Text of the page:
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id="article-body" class="row" section="article-body"> Tyler Lizenby/CNET It's already October, which makes the next three months the most expensive of the year for most of us. And as you travel more, your house become more vulnerable to burglary.

So the question is, how do you protect your house without adding another expense on top of travel, gifts, food and Black Friday? Luckily, smart home devices are getting cheaper every year. Here are a handful, each under $20, that can help secure your house when you're visiting family or friends for the holidays.

Smart bulbs stop dumb burglars
One of the most obvious deterrents to would-be burglars is an occupied house. Throw some smart bulbs into your kitchen, living room or front porch fixtures, schedule them to flip on at certain times during the night, and you instantly make your house much less appealing to the more-skittish thief.

Chris Monroe/CNET One of the most wallet-friendly options: the Wyze bulb. You can get one for $8 or four for $30 -- not too much more than a regular LED bulb. These gadgets connect directly to your Wi-Fi, and are perfect to schedule and forget about.

Set up fake security cameras
While we're talking deterrence, it might be worth considering dummy cameras. Especially for larger properties, where you want to cover a lot of ground without breaking the bank, fake security cameras can make your house look like a locked-down compound. You can order a four-pack of dummy cams for under $20 here.

Of course, deterrence will only get you so far. If a burglar breaks into your house, you'll still want some sort of device to alert you to the breach.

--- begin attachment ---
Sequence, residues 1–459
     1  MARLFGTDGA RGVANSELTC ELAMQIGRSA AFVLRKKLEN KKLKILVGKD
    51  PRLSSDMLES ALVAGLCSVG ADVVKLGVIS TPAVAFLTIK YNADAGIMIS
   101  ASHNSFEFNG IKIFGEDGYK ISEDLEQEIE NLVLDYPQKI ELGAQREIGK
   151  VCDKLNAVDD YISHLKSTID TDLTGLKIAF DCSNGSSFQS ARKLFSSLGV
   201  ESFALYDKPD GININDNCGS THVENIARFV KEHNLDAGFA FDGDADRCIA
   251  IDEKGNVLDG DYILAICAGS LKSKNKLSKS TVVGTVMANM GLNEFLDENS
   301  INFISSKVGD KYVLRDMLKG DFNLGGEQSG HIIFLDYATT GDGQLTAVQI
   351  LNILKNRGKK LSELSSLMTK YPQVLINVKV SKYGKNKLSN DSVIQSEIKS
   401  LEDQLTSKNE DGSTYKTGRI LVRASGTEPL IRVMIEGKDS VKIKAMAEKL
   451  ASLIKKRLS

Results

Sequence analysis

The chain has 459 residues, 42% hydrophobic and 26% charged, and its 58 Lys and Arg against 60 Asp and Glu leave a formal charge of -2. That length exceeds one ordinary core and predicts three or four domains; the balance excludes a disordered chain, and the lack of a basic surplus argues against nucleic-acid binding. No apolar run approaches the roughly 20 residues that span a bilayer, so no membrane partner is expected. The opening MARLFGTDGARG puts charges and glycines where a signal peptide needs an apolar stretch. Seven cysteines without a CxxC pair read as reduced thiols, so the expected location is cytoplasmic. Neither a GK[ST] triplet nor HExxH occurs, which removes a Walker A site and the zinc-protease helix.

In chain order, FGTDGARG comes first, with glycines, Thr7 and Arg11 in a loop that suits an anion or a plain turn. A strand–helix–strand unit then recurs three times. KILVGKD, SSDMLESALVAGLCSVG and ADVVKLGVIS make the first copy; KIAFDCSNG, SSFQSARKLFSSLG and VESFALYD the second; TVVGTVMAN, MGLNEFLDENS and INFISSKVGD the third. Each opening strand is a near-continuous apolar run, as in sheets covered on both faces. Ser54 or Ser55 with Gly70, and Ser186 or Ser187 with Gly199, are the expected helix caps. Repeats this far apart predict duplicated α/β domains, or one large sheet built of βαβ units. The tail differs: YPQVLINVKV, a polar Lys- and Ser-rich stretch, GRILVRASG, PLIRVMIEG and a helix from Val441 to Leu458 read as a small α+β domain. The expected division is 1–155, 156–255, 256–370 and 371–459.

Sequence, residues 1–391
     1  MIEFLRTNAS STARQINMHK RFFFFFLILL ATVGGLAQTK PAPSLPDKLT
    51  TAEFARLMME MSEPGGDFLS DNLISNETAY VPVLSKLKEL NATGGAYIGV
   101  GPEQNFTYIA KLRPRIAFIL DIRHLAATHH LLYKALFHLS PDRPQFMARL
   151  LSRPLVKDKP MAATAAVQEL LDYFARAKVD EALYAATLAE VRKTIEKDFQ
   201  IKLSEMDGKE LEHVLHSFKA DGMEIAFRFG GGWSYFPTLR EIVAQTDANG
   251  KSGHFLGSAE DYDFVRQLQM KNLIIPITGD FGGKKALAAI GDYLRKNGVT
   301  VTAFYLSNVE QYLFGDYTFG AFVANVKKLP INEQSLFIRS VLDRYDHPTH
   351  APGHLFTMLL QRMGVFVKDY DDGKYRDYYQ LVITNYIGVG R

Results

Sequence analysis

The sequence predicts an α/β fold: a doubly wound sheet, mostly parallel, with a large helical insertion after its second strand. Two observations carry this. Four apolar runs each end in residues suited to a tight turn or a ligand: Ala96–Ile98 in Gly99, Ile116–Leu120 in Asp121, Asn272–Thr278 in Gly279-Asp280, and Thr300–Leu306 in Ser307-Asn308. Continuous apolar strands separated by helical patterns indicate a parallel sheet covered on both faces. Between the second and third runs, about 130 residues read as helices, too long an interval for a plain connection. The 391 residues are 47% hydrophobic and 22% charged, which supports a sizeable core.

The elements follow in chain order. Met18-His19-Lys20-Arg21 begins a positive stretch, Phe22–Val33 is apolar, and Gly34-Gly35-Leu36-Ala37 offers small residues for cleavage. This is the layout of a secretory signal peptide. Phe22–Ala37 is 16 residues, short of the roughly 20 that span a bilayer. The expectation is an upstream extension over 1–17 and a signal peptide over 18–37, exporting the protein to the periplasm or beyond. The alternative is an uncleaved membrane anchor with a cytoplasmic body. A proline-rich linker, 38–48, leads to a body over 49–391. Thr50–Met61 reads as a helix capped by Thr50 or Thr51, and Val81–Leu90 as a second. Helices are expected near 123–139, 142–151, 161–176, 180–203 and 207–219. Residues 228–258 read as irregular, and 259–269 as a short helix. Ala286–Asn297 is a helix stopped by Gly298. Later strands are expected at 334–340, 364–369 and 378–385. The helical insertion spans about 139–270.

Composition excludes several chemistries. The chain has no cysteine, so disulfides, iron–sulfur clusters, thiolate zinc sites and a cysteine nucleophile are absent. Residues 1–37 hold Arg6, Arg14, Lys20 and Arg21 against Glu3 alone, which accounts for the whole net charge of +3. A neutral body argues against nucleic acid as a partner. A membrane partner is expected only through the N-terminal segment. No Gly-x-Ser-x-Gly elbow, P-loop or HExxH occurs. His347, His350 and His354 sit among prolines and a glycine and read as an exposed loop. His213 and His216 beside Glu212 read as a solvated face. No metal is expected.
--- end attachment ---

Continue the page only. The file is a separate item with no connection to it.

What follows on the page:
Buy a real (cheap) smart cam
As CNET's Megan Wollerton has pointed out, "The era of the $200 security camera is over." Today, you can find smart cams for $20 -- yes, that cheap -- that actually offer most of the smarts of the higher end models. Wyze is our pick for the wallet-friendliest smart cam, and it offers free person-alerts, 14 days of cloud storage and an SD card slot if you want continuous recording. That's pretty incredible for the price.

Use a security sensor kit
If you're less concerned about recording specific rooms, and more interested in monitoring entryways to your house, the security sensor kit could be a better fit for you. Wyze again takes the cake here, with a $20 kit that includes a bridge (which connects to the Wyze camera and helps the devices communicate), two door/window sensors and one motion sensor.

Again, for the price, this is a solid deal. For a small apartment, or if you're just covering your front and back doors, this kit could keep you solidly covered for super cheap.

Wyze Labs Ask Alexa to keep an ear on the house
As a relatively recent addition to the Echo's feature set, Alexa Guard can help keep an ear (or some far-field microphones) on your house when you're away. An Echo Dot, which you can find on sale for $25 fairly often, is the cheapest way to get Alexa Guard in your house. But if you already have an Echo, it's totally free.

Screenshot by David Priest/CNET Just say, "Alexa, I'm leaving" to switch on the feature. Then your Echo will listen for glass breaking, alarms or the sound of humans moving around your house (it can distinguish between pets and people) -- and you'll receive a mobile alert if it hears anything.

For renters, add a retrofit lock
It can be tough for renters to boost their home security in part because installation can be pretty involved -- especially when you're talking smart deadbolts. So if you want to add a little security without much hassle or cash down, consider a retrofit lock like this one.

Devices like these, while not Wi-Fi connected, still offer clever ways to add one more barrier for burglars to bypass, which equals a little peace of mind for the anxious homeowner.

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CNET Smart Home
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